The Equality Act 2010 gives disabled people protection from discrimination in a number of different areas, including employment and recruitment.
HIV is considered to be a disability for the purposes of the Equality Act from the time of diagnosis and regardless of your current health status.
This protection makes it illegal for employers to discriminate directly or indirectly on grounds of disability.
The regulation applies from the time you apply for a job, through to your employment (by regulating the terms and conditions of employment), to your promotion and redundancy.
Protection begins at the recruitment process. The Equality Act protects you from less favourable treatment in the following areas:
An employer can be held responsible not just for the discriminatory actions of the management or of the company itself, but also for the behaviour of your colleagues. For example if you suffer harassment from a colleague and the employer cannot show that they took steps to try to prevent this from happening, then the employer can be held responsible.
Probably the most important aspect of the legislation is the right to request reasonable adjustments at your place of work.
If there is a way of working or an aspect of the workplace which puts you at a disadvantage, your employer must make all adjustments which are reasonable to remove that disadvantage. This means that they must take reasonable steps so that you can carry out your job without disadvantage.
Your employer must be aware of your disability before they can be expected to make reasonable adjustments.
Some examples of reasonable adjustments include:
What is ‘reasonable’ is determined on a case-by-case basis. Your employer may consider how effective the change will be in avoiding the disadvantage you would otherwise experience, its practicality, the cost based on the organisation’s resources and size and the availability of financial support.
For people with HIV, the most commonly requested adjustments tend to be time off for clinic appointments, changes in hours worked and changes to start or finish times.
Another important aspect of the legislation is that, except in very restricted circumstances, the employer is prohibited from asking job applicants health or disability related questions until the person has been offered a job.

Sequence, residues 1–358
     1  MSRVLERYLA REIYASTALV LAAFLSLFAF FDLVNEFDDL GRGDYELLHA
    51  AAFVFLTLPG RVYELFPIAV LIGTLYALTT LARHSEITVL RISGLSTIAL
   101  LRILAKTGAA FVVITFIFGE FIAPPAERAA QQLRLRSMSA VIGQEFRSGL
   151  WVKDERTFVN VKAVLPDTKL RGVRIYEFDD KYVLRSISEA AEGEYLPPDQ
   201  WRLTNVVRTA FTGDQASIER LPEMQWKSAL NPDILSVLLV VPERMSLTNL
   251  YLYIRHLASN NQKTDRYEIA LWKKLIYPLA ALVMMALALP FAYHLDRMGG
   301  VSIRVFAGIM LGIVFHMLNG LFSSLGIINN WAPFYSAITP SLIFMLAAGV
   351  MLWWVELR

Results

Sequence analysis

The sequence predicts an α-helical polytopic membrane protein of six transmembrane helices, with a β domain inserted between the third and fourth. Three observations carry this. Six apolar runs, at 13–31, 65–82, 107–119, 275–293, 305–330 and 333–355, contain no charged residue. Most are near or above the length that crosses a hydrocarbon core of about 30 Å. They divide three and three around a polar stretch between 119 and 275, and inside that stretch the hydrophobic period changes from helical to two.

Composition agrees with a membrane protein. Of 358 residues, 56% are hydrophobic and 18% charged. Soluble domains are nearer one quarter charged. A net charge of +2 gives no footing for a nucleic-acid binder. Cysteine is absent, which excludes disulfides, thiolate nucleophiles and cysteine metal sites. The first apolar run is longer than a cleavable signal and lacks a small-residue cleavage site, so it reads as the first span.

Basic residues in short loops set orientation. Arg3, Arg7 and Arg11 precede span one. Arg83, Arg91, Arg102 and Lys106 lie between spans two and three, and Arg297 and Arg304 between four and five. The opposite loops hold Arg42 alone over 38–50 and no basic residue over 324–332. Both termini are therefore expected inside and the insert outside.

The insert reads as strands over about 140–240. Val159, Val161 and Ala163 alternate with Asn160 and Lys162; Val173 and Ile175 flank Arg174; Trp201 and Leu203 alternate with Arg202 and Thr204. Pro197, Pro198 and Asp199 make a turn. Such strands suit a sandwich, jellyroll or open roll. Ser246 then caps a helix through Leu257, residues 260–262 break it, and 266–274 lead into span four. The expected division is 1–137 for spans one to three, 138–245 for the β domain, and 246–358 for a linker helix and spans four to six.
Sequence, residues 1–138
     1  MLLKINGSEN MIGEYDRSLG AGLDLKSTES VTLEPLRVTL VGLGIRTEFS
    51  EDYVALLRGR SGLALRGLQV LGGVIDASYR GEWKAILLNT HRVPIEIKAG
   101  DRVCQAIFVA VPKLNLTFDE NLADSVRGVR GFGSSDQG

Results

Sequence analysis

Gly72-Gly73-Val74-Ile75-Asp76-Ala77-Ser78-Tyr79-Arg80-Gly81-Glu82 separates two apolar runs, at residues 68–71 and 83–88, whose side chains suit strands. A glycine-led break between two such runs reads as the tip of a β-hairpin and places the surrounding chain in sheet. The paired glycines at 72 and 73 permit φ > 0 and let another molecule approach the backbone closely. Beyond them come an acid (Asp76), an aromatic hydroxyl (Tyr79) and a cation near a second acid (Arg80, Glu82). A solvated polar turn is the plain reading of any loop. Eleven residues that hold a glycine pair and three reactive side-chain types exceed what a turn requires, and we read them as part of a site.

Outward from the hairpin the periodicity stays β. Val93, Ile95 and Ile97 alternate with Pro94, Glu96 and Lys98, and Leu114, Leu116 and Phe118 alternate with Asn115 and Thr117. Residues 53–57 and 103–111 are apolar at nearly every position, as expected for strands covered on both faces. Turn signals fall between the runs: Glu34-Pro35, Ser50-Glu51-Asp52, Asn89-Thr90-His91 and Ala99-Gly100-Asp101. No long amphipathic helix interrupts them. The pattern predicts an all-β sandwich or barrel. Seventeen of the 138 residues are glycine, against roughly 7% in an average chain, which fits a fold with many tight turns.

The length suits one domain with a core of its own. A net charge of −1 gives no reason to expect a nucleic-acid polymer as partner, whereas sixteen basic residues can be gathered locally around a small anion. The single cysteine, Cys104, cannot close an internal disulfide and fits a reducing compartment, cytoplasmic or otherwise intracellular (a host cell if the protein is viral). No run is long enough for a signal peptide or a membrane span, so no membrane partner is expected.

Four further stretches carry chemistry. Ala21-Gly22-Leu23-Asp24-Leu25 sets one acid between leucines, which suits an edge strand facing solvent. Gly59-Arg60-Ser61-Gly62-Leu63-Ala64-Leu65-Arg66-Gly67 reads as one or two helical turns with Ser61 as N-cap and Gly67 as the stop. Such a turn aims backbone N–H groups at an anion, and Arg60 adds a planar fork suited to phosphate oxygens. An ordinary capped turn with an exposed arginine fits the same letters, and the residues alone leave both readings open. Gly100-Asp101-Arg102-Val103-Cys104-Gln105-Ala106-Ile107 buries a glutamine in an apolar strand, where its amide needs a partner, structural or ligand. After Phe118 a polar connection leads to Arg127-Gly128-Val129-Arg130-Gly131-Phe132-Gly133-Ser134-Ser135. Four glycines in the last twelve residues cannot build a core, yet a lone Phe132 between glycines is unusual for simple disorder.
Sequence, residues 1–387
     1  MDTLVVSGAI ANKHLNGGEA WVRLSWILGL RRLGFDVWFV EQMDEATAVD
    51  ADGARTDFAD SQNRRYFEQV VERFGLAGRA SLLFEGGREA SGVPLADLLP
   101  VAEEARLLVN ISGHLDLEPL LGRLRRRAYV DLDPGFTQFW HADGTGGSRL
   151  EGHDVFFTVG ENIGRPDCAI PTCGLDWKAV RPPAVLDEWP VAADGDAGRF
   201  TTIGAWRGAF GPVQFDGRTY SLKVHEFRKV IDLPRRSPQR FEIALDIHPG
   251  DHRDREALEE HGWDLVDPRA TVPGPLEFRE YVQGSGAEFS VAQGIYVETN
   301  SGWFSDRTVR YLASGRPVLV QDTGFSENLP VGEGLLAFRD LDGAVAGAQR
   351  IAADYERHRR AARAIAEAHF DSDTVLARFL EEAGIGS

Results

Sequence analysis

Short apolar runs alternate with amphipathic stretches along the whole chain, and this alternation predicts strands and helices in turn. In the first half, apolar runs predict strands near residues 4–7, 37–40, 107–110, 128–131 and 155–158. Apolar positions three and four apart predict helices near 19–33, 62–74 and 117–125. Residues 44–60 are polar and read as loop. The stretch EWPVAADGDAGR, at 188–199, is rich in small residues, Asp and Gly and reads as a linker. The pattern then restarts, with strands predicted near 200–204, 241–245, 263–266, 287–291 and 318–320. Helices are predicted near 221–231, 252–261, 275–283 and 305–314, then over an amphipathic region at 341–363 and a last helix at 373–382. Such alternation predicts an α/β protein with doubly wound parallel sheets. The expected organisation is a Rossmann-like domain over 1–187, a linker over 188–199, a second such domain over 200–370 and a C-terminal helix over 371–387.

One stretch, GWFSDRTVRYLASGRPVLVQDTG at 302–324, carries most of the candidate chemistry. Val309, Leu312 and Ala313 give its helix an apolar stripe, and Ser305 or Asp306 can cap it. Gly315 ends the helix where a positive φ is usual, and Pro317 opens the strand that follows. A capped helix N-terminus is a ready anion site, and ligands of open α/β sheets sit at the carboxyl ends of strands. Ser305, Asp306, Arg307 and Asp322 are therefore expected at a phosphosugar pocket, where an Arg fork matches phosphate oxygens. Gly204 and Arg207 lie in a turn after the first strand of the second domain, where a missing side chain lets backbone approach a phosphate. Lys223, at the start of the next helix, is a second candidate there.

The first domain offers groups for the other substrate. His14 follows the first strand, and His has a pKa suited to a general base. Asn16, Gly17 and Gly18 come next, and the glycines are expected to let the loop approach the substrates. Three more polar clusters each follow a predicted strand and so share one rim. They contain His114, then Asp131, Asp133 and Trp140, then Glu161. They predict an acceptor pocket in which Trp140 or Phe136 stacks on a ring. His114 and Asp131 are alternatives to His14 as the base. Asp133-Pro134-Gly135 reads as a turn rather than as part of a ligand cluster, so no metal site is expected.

If you believe that you've experienced discrimination at your workplace and want to take action, the Equality Act sets out a deadline of three months from the actual date the discrimination took place, in which to make a claim in the employment tribunal.
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i need to speak to a solicitor who understands someone being gay, someone who is living with HIV, and also breach of employment act and dissability act but cannot find a solicitor who would understand this main point of PLW HIV as all employment solictors deal with main stream heterosexual cases. My councillors and GP have said I really have a case but I cannot find a solicitor who is understanding of this and its a bit like I am embarrrassed to keep repeating myself to every solicitor i call repeating the same story but time is now upon me and i just need to know if there is one out there.
This article was last reviewed on
by Anna Peters
Date due for the next review: 8/11/2019
Content Author: Gillian Arrindell
Current Owner: Gillian Arrindell
Equality Act 2010, legislation.gov.uk (2010)
AdviserNet 220.127.116.11 What is Discrimination, AdviserNet 18.104.22.168 Discrimination and Equality and Human Rights Act 2010.(Equality Act 2010)
Various people talk about their experiences of living with HIV.
CAB - Citizens Advice Bureau
HIV Drug Interactions
George House Trust
Equality and Human Rights Commission
Copyright 2018 © Terrence Higgins Trust is a registered charity in England and Wales (reg. no. 288527)
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